Sydney is the undisputed gateway to Australia so unsurprisingly receives the most tourists of the country. But there is an entire coastline just begging to be explored to the north of Sydney up to Brisbane and beyond. I’ve lived on the coast my whole life and have travelled up and down it times too numerous to count and the good thing is that not once have I ever seen it overrun by tourists.
The coast is full of cities and towns, each a different size, each with its own quirks and character, and of course, each with multiple beaches. Beaches will be a common theme in this post so strap yourself in, I won’t be ignoring them just because they are everywhere!
Australia’s public transport system is notoriously shite so the best way to explore the east coast is easily by car. Pick up your pre-arranged car rental in Sydney and drive up the coast (Alpha Car Hire have very competitive rates).
It should take about 10 and a half hours to drive from Sydney to Brisbane, but by breaking it up into 1-2 hour blocks over a couple of weeks, you’ll see some of the best coastline and towns that NSW has to offer at a rather leisurely pace.
The NSW east coast is primed for camping, with national parks and holiday parks in great supply. This can be a really cheap way to travel if money is tight. Not to mention, camping is fun and gets you closer to nature than almost any other activity. Pick up some cheap gear on Gumtree and relist it immediately in the region you expect to finish in anticipation of passing it off to someone else.
I’ve picked out some of my favourite places along the east coast to help you know where to stop on your East Coast road trip but of course, you should always go where the moment takes you. Take the scenic route. Take a recommendation from a local. Pull over at a place you’ve never heard. And go have an adventure.
I’ve purposely not included a length of time you should take to make this journey. That’s because that is entirely up to you! Theoretically, each of these headings could be a day’s drive or less. But you could also easily spend 2-3 days at any of them so this could be a 5 day driving tour of the east coast or it could be a 4 week driving tour! You decide.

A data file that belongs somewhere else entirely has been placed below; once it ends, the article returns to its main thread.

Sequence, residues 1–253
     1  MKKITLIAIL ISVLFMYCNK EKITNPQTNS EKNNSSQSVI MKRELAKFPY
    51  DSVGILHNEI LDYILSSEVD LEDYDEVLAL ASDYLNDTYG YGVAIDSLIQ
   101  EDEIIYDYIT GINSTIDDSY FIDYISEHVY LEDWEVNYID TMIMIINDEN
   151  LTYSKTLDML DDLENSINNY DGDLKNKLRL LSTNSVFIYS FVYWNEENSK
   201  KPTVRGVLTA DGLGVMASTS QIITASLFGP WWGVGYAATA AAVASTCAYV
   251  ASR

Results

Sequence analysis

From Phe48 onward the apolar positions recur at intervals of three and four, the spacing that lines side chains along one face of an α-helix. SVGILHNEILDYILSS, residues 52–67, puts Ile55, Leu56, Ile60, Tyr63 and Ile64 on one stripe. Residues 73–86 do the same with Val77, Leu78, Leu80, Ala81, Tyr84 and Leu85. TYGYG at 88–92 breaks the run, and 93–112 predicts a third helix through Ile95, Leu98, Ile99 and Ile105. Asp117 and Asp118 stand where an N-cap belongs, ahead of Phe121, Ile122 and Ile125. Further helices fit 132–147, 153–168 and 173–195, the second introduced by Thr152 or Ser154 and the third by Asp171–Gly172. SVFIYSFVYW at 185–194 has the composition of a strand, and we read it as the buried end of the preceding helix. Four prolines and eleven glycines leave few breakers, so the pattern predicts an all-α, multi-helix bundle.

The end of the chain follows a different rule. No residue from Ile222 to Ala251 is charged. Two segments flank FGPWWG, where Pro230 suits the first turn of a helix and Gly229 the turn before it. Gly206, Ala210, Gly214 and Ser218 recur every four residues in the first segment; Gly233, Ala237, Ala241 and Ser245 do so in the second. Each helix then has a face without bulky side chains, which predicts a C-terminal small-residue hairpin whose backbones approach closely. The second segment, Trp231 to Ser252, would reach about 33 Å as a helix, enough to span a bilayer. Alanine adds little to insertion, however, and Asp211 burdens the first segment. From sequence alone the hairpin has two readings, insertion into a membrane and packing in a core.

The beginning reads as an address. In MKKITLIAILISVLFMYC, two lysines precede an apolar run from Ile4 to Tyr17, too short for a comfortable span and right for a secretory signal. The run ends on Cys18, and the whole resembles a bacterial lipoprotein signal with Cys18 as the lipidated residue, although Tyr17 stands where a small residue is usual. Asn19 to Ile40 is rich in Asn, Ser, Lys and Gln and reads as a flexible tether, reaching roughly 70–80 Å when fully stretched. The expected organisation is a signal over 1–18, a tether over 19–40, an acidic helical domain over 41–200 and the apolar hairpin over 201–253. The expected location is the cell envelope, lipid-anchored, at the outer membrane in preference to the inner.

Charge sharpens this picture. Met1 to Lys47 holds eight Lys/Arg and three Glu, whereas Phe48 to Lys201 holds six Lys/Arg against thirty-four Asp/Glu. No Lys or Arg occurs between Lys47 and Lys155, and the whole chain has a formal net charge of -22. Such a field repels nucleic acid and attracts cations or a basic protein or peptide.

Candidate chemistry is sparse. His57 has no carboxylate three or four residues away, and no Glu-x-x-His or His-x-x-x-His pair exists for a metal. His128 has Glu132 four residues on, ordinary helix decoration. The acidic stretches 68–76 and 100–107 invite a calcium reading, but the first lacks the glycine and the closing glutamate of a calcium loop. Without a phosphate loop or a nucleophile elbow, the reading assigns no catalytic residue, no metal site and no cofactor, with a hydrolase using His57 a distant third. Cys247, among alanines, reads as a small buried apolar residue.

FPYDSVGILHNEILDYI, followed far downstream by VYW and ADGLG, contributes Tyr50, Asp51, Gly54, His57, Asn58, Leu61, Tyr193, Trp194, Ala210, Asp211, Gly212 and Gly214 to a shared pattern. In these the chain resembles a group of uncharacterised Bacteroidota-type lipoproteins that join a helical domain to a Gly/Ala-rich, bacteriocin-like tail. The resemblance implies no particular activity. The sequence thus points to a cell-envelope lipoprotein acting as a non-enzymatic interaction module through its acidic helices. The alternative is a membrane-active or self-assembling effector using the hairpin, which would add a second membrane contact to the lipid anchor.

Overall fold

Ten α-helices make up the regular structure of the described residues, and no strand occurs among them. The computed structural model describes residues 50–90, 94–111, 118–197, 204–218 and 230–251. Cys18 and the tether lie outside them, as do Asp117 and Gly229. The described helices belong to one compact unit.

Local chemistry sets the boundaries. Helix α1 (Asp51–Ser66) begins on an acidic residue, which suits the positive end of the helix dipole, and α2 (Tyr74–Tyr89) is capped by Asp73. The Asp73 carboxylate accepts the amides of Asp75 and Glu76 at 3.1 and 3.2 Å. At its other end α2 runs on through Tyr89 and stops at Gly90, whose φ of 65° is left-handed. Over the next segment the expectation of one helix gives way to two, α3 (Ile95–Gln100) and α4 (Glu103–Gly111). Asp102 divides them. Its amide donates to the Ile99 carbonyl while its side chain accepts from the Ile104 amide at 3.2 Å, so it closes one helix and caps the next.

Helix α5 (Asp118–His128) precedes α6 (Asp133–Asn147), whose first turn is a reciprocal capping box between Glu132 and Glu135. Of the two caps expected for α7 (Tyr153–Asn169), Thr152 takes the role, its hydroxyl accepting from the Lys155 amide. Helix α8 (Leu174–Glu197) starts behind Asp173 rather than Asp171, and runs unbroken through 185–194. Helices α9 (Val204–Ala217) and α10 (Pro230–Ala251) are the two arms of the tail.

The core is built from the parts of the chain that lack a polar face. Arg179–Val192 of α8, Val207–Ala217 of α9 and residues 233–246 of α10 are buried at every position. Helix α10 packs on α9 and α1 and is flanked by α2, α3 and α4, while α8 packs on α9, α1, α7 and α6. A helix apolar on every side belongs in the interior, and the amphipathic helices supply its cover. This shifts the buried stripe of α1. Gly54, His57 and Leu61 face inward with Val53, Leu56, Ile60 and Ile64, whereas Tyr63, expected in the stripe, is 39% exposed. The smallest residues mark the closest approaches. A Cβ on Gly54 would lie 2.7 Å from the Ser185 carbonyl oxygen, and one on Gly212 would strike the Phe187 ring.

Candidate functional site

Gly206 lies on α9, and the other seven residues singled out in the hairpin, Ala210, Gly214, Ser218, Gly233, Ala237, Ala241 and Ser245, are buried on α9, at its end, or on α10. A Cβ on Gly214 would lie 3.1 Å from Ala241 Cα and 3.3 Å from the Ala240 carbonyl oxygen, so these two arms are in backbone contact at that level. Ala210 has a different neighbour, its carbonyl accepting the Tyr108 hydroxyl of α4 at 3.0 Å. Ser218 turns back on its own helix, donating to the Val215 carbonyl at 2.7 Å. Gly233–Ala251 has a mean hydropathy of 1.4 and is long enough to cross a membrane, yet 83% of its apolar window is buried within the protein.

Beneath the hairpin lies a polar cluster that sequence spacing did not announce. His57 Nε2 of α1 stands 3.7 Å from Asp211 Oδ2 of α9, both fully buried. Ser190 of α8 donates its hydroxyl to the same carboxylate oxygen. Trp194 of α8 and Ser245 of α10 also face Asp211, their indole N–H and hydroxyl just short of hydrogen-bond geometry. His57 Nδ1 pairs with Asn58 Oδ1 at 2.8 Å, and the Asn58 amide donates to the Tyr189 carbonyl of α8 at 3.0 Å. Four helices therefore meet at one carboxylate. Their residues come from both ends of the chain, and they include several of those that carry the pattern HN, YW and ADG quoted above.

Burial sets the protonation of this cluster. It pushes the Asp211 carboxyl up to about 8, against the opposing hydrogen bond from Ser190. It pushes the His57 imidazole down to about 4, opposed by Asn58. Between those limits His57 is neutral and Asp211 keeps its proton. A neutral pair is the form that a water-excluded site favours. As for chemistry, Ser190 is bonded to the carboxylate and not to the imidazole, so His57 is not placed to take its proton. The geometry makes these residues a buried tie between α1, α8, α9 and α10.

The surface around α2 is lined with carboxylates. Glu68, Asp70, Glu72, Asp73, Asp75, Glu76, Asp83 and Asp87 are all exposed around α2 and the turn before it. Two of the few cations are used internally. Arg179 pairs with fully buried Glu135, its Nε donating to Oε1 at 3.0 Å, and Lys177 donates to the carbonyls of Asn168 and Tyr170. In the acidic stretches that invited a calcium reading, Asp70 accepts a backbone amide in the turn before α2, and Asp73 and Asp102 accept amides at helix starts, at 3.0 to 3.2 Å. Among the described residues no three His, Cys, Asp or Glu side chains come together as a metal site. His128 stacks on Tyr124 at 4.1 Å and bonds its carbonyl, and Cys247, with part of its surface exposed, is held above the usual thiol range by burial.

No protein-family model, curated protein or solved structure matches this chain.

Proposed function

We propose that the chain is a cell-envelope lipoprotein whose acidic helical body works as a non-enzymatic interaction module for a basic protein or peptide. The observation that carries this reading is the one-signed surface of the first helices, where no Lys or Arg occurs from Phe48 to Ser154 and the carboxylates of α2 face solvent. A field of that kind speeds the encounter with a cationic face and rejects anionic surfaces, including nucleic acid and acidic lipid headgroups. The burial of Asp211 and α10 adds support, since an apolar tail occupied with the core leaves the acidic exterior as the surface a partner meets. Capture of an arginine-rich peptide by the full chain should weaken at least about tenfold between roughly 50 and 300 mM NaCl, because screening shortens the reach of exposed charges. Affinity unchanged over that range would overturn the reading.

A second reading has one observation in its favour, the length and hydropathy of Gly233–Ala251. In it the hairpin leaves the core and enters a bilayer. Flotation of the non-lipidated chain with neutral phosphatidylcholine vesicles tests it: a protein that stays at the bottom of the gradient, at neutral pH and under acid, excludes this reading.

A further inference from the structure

I expect you probably spent about 3-4 days in the metropolis of Sydney. You had a lot of fun, ate a lot of good food and maybe partied a touch too hard, so now it’s time to get out of the big smoke and relax the pace a little. Pick up your hire car and head north!
I have written loads on Sydney. Get it all here.
Sydney to Avoca Beach
Avoca (and equally, Terrigal) is a tiny suburb on the Central Coast. It’s not much but it’s a real highlight of a somewhat dreary country city. A city surprisingly devoid of traffic lights. There are some classic Australian yellow beaches and some great markets on Sundays. We had a wonderful stay at the Avoca Valley B&B, which is actually set back a little from the coast amongst bush.
Avoca is about 90 minutes from Sydney.
Avoca Beach to Newcastle
Newcastle is Australia’s second city, a coal city known for beaching a coal tanker in the wild storms of 2007, and was discovered in some pretty comical circumstances. I argue it’s Australia’s most underrated city because of the completely laid back attitude (even for Australians), the incredible food and coffee scene, and is bafflingly untouched by tourists. But most of all I love that you can be in the CBD having a coffee or ice cream and a 5 minute walk will have you at the beach.
Newcastle is about an hour from Avoca. Read my guide on what to do in Newcastle here.
Optional stop: The Entrance for morning tea or coffee.
Newcastle to Port Stephens
Port Stephens is virtually untouched – even by Novocastrians who live on its doorstep. There are more beaches than you can poke a stick at, some on the coast, some on Port Stephens harbour – so you can pick if you want the water to be wavy or calm/filled with boats. Anna Bay is great for waves and Shoal Bay is nice and calm. Shoal Bay also has a great jetty for jumping and a fantastic (and short) walk up Tomaree Head with epic views over Fingal Bay and the whole region.
Port Stephens has plenty of adventure activities, with sand dune quad bike safaris, sandboarding tours, skydiving, and paintball. Or if you want something a little more chill you can take a whale watching cruise or visit Oak Vale Farm: a favourite with the kids!
Port Stephens is just under an hour from Newcastle. If you feel like a splurge, the Oaks Pacific Blue (in Salamander Bay) is an amazing place to stay. An infinity pool (by my definition) loops around the entire resort with most rooms opening out to the water, perfect for a quick summer swim. We stayed there a few weeks and it was just an incredible break.
Port Stephens to Myall Lakes National Park